The next step is the hardest. Carefully align the front of the hood to sew the front seams. I like to pin the open front of the hood (the black lines of (2) and (3) closed so they align. This ensures the front square (5) will align with the back square (6).

Finally, sew the blue edge of (5) to the blue edge of (1). Now you only need to roll the seam around the open front of the hood and its outer edge.


It looks strange, doesn’t it? When flat, the hood will look like this. I have drawn a person in the hood so you can see how it sits. The dashed lines indicate folds.

Showering: Scadian Style


Showers are one of the lovely modern inventions the Society for Creative Anachronisms incorporates into medieval camping events. Roman bathhouses supplied soap and towels, but SCA showers do not.

So the members of the Society have come up with ways to make our bathing kits look period. I found a nice wooden bucket at a yard sale, and I keep my bath supplies in it for events. Baskets from thrift stores also work well. If you are concerned about displaying modern containers, a washcloth tucked over the mundane items can maintain the medieval image.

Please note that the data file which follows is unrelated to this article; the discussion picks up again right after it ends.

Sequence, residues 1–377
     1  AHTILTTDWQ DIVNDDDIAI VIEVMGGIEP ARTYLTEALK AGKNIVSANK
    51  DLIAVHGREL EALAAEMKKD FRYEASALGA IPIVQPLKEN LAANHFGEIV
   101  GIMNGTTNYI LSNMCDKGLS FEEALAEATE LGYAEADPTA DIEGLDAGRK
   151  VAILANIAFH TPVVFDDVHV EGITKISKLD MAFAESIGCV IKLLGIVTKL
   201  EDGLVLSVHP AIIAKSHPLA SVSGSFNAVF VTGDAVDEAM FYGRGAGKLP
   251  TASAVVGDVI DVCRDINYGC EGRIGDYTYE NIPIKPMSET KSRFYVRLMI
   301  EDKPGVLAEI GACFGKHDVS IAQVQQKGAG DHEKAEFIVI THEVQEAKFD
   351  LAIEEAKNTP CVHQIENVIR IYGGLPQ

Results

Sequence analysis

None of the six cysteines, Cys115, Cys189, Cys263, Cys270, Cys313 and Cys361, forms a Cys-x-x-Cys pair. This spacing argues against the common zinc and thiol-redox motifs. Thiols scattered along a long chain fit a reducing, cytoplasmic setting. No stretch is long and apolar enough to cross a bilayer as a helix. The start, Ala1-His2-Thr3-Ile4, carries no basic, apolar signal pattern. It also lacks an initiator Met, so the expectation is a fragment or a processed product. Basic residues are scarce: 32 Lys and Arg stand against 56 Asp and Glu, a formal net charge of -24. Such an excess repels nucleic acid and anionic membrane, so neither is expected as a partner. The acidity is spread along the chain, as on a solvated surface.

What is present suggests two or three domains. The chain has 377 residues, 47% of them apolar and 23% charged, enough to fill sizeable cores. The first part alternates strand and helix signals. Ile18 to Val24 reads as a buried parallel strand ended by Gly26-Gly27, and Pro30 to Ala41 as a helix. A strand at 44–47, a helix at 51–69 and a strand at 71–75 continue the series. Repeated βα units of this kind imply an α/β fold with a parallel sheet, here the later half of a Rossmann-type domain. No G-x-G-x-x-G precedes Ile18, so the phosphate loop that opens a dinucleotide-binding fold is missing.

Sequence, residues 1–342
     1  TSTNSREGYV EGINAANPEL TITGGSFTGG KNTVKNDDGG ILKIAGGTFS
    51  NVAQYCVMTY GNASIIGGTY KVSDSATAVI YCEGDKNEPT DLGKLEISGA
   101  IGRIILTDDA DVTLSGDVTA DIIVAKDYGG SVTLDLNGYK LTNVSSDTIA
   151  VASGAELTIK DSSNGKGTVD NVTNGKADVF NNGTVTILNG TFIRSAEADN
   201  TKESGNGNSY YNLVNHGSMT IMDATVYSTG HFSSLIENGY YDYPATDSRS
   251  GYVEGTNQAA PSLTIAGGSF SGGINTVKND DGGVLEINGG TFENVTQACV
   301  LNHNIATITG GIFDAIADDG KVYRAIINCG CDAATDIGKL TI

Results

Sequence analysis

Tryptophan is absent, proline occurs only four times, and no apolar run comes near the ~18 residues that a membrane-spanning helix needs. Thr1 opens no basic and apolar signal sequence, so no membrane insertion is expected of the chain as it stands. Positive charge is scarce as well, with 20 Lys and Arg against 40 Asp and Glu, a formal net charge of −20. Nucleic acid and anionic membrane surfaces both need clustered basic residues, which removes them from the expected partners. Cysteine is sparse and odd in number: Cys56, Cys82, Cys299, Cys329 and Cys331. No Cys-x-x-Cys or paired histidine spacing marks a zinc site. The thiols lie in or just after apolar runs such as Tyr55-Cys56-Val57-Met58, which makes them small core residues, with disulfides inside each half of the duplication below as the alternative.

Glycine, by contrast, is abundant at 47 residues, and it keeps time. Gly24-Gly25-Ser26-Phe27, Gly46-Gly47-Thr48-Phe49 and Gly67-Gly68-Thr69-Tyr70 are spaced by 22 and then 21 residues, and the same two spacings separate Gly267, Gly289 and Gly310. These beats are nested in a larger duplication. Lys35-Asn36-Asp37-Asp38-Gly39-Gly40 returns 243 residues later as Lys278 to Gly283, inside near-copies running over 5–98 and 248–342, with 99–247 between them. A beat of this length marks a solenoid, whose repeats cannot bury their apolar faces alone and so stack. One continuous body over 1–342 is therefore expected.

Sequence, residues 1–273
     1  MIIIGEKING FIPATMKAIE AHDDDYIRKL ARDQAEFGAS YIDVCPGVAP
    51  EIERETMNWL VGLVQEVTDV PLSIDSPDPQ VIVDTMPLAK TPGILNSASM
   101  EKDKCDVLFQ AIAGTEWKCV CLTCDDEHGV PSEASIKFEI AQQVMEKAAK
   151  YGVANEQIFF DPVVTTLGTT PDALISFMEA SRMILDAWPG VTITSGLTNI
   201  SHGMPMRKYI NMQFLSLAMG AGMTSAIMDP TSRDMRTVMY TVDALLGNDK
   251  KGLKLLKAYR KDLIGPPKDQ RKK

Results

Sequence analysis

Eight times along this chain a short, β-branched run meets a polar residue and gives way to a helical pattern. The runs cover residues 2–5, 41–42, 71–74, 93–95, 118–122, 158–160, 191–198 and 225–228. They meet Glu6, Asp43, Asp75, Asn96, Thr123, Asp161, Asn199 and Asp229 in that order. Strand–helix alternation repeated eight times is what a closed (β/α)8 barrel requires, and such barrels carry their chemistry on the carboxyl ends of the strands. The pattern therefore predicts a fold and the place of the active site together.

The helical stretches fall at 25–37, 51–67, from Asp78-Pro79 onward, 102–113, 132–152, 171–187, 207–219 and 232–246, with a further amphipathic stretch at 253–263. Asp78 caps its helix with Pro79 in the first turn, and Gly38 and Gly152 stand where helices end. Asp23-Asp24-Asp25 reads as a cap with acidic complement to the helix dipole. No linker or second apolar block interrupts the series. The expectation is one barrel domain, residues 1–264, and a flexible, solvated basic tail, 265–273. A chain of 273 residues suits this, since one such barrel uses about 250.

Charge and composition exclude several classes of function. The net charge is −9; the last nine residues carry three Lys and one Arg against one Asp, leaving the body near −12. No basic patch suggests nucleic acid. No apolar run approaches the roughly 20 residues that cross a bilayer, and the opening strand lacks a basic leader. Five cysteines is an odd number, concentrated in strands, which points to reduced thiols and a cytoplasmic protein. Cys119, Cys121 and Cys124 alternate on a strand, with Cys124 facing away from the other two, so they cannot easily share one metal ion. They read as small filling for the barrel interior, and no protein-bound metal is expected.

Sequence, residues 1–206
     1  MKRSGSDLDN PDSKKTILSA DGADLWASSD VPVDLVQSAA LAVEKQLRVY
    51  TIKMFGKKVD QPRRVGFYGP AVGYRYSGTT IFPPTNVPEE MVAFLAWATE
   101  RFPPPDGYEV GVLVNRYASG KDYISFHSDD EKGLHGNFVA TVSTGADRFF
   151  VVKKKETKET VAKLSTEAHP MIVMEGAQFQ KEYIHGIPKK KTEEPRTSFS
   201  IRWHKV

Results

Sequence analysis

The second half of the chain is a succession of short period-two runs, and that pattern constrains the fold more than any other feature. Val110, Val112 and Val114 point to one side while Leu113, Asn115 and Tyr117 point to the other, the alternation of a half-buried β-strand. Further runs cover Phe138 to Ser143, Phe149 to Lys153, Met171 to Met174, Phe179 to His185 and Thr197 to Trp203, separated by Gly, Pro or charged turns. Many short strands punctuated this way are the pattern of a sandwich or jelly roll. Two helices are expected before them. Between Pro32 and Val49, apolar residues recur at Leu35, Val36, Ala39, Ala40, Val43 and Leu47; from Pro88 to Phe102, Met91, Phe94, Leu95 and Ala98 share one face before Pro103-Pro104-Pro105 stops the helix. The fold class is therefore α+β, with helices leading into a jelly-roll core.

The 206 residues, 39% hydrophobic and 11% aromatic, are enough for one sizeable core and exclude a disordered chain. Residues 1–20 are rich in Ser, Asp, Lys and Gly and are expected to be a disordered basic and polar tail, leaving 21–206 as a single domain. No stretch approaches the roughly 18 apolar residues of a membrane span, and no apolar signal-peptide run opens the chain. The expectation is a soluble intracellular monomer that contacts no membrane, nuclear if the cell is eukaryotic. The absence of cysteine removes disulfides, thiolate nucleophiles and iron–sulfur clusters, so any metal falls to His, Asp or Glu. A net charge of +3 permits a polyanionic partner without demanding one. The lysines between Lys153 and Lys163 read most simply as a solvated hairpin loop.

Some Society members prefer to grab their bathing supplies and throw a towel over their shoulder, but many would prefer not to put on and take off several layers of clothing.  A compromise has given rise to the bathing chiton, an interpretation of early Greek garments made from bath sheets. This is my bathing chiton, and I have pulled the front open to show that there are actual arm holes concealed behind the towel drape.


In my post about Forms of Greek Dress, I discuss how the dorian chiton is made from two pieces of fabric buttoned or sewn together. A Bathing Chiton is sewn at the shoulders and sides, with an extra bit of fabric over the chest. In the diagram below, the left image shows where you sew the seams, and the right image shows the location of the seams when you wear the garment.ShowerC